On Friday, May 2, the Creston Neighborhood Association hosted its 14th annual Art Bash for Creston. The event, which lasted from 6 a.m. to 9 p.m., included a plethora of art, food and activities provided by local artists, restaurants and businesses. All proceeds went to the Creston Neighborhood Association, and the event served to bring the community together and celebrate Creston’s growing presence of art and culture.
The Creston Neighborhood Association is a non-profit organization committed to supporting the over 25,000 Creston residents and enriching a diverse community where all neighbors thrive.
“The event raises meaningful dollars for our community building work, so that residents may access their power to impact economic investments and public resources, as well as work together to build social networks so that all neighbors may feel safe and welcome,” said Creston Neighborhood Association Executive Director Megan Kruis.
The event was also hosted by Grand Rapids Mayor Rosalynn Bliss and Rapid Growth Media’s publisher Tommy Allen. Previously titled Art Battle for Creston, the event included twelve featured artists, all of whom showed off their skills by creating their artwork live in front of those in attendance. The experience of creating live artwork is one of the main factors that keeps drawing artists back to perform each year.
Featured artist Kelly Allen has been performing at Art Bash for Creston for many years, and said that performing her artwork live is her favorite part of the event. Allen said that she enjoys this part of the event because she never has prearranged plans on what she intends to create and this allows her to fully immerse herself in creating artwork.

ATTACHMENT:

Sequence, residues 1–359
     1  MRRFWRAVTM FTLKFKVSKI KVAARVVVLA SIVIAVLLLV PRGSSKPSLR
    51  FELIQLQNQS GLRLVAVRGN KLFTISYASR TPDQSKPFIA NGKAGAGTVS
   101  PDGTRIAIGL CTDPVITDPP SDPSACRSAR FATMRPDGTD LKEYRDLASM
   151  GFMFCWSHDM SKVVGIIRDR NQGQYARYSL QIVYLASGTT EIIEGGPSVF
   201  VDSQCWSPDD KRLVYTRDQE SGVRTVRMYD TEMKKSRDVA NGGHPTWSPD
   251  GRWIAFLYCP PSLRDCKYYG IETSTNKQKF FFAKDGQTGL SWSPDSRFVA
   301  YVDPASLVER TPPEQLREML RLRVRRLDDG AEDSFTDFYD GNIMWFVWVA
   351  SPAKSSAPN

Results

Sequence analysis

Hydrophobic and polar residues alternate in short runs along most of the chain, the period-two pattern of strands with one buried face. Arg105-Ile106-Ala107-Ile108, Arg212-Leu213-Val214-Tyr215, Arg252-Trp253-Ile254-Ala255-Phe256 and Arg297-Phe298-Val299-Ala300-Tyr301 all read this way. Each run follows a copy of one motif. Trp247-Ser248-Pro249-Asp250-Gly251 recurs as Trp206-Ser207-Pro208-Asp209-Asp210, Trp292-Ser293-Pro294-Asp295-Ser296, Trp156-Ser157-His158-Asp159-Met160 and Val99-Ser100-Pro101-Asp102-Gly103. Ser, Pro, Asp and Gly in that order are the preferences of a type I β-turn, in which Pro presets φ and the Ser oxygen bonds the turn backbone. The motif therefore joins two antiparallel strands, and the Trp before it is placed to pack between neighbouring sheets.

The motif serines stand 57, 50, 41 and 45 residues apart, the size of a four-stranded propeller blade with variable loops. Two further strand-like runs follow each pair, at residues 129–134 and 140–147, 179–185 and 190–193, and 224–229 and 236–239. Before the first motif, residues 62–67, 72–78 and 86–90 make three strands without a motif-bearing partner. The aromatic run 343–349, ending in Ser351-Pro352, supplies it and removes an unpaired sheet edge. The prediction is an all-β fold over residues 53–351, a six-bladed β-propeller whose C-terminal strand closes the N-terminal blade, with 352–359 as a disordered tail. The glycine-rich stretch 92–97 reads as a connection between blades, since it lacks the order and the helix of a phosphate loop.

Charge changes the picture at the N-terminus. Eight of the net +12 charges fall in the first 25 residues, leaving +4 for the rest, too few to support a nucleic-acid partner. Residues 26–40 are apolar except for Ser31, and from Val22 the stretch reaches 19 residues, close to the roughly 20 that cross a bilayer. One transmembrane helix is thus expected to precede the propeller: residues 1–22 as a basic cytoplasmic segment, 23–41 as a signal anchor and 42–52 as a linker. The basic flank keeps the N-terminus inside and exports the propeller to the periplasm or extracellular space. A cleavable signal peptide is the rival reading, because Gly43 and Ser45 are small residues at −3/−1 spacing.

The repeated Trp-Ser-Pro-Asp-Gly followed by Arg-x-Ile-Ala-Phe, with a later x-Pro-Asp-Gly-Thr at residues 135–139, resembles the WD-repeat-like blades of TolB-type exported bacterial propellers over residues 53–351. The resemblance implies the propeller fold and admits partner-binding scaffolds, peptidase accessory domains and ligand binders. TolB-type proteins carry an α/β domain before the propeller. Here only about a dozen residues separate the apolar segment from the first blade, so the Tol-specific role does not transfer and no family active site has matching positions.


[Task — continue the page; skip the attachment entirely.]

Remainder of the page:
“I really enjoy the process of discovery and the series of problem-solving strategies that is part of the art-making process,” Allen said.
Returning artist Nick Nortier explained that since the process of creating art is typically a solitary one, it can be tough for some artists to create in front of an audience, but both artists agree that the results are very rewarding.
Nortier has been performing his artwork at Art Bash for four years, but has been in attendance for a few years prior. He first attended the event seven years ago and dreamed of being able to perform at it.
“A couple years worth of networking and making art on a regular basis and I was asked to be in it,” Nortier said.
Allen has lived in the Creston neighborhood for quite some time and is very excited about its newfound art and culture scene.
“This neighborhood has been a very sleepy one until recently, and it’s always been a wish for me to see new life moving into the neighborhood as it is finally now happening,” Allen said. “Nothing can grow without attention, effort and a vision.”
Allen said she is very proud of the people of Creston and the Creston Neighborhood Association for putting in the work to help the neighborhood grow into the thriving community that it has become, and is thrilled to be a part of it.
“Having local artists perform at these events builds community amongst artists and people who love art,” Nortier said. “So many connections are made during it, which can lead to opportunities down the road.”
Kruis said that Art Bash is ultimately an opportunity for Creston to reflect on itself through art.
“Our local creatives reflect, interpret and clarify who we are and our moment in time,” Kruis said. “Taken as a whole, I think the pieces created at Art Bash demonstrate the joy, resourcefulness, pride and thoughtfulness present in our community.”
Not only has the Art Bash for Creston brought in funds for the Creston Neighborhood Association, but it has brought the community together to celebrate their shared love of art and has helped put Creston on the map when it comes to art and culture.